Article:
February 21, 20190 mins read
This post, co-written by Weaveworks and Snyk, explains how by using a GitOps continuous integration (CI)/continuous delivery (CD) pipeline combined with good security practices improves the overall security of your development workflow to Kubernetes.
The Typical CI/CD Pipeline
Your CI/CD pipeline might look very similar to the simplified model below. The flow begins from the far left, when the code is on the developer’s machine and is pushed to a code repository, like GitHub. The code is then picked up by a CI tool, which runs tests and then builds an artifact, such as a container image. The image is pushed to the image repository and deployed to an open source orchestrator like Kubernetes or a similar system.
But one thing that people often fail to consider is whether your typical CI/CD push model is secure. Consider the following two questions:
Does your CI environment have direct access to the container image repository?
Does your CI environment have direct access to the production cluster?
Let’s look at the pipeline again, but this time, we’ll focus on which stages have access to each other. In the image below, we use RW for Read Write access, and RO for Read Only access. There are probably many more red lines than you expected there! This simple pipeline violates some of the Open Web Application Security Project (OWASP) security principles, including the Principle of Least Privilege as well as the Separation of Duties. For example, the developer has Read Write access to the Code repository and the cluster.
By removing direct developer access to the image repo and to the cluster, the attack surface, privileged access is minimized and duties are separated.
GitOps is a way to do Continuous Delivery for Cloud Native applications. It works by using Git as a source of truth for declarative infrastructure and applications. Delivery pipelines automatically roll out changes to your infrastructure when changes are made to Git. But the idea goes further - it also uses tools to look at the actual production state, and then tells you when the source doesn’t match the real world.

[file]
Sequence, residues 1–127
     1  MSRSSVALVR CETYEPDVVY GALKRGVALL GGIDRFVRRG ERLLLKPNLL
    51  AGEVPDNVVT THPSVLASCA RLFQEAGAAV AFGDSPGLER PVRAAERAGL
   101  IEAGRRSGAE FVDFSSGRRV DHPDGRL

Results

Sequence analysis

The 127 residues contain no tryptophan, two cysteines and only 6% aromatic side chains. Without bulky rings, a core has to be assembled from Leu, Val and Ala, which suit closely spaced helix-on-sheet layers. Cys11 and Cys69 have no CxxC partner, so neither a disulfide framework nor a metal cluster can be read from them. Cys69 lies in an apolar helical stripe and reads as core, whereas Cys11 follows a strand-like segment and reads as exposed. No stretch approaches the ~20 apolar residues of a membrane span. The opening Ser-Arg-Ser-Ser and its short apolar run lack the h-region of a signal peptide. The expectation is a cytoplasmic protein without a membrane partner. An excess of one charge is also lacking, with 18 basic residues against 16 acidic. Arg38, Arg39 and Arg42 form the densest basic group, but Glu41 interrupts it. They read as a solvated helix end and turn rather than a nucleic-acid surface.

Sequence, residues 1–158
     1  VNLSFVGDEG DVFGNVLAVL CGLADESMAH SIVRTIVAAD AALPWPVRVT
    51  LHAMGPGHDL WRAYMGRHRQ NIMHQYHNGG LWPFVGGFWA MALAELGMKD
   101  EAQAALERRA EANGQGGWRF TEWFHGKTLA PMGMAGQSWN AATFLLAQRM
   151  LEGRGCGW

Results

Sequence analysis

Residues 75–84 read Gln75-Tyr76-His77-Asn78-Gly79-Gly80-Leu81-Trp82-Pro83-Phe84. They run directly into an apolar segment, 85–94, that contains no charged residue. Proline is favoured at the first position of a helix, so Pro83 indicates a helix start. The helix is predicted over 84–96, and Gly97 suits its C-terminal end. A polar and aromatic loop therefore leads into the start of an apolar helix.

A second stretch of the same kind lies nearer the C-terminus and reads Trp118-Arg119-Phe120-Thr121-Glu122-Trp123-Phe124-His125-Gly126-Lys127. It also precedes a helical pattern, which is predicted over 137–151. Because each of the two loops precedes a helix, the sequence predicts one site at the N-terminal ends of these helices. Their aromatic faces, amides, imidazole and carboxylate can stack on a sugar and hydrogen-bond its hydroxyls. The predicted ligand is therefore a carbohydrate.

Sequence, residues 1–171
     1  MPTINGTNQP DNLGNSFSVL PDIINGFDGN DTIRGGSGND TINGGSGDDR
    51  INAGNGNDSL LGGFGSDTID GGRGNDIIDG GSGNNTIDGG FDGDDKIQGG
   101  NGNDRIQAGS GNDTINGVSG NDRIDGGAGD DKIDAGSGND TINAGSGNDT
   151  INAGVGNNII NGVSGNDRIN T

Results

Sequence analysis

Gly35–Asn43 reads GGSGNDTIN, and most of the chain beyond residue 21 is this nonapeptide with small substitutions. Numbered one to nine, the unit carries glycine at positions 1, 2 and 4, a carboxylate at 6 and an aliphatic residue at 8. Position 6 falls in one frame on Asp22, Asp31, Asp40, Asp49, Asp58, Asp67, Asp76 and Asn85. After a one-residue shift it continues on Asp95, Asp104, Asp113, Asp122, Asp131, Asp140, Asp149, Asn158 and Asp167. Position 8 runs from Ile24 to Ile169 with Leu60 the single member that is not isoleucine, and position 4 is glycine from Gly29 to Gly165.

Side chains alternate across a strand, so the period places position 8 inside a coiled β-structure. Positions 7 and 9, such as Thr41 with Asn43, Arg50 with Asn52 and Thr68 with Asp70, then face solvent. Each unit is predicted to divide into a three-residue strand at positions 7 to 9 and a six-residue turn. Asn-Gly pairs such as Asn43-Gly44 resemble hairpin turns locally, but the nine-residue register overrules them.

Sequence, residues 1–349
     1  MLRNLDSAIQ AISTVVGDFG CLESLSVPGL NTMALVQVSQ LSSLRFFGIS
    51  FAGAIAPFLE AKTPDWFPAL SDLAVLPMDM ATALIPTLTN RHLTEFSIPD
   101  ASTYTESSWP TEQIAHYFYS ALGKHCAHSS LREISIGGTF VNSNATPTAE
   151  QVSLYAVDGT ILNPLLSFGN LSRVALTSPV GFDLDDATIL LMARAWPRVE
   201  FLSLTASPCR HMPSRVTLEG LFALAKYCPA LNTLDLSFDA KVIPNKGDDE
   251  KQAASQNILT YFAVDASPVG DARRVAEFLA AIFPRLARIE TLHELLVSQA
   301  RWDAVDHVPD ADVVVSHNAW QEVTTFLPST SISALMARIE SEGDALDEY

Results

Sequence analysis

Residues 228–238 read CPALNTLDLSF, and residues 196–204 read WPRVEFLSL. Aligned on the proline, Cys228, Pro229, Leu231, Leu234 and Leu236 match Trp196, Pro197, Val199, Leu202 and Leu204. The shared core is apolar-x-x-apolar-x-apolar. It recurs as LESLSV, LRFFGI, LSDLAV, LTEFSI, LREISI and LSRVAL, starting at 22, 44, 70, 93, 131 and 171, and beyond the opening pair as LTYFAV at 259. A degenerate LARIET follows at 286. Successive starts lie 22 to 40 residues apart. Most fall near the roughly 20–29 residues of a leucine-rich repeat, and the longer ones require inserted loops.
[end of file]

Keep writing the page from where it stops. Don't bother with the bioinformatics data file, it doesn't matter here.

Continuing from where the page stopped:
The GitOps method addresses an insecure pipeline by running a reconciliation operator from within the cluster itself. It operates on a configuration Git repo, using separate credentials. The operator compares and reconciles the desired state as expressed in the manifest files stored in the Git repo versus the actual state of the cluster.
This means that there’s no credential leakage across the boundaries. The CI system can operate in a different security ‘zone’ rather than on the target cluster. Each pipeline component needs only a single RW credential. Because the cluster credentials never leave the cluster itself, you can now “keep your secrets close”.
Do I need to worry about security anymore?
When you adopt this approach, you reduce the security risk by eliminating the Principle of Least Privilege and the Separation of Duties issues, among other problems. This does not solve all your security concerns, of course. In fact, it places an even more important emphasis on the need for good security in your code repository.
Ok fine—we have enough buzzwords in our industry already, so let’s not create another one. That said, most of what James Governor, aka @monkchips, says tends to become reality sooner or later. Thanks for the idea, James, hope you like the blog post!
Here are some tips on how to better secure your code repository.
Add security testing to your PRs
All of the major code repositories have powerful event-driven hook frameworks that allow you to send HTTP POST requests to a service of your choice when events are fired. There are a vast number of events you can choose to act upon, but one of the most useful for testing your incremental code changes is the pull_request event.
There are many static code analysis tools that support hooks so that when a PR is created, an HTTP POST is fired to prompt you to test your latest updates. This is also a great time to ensure that code and config changes being made are aligned with your security expectations.
Statically analyze your repo with Snyk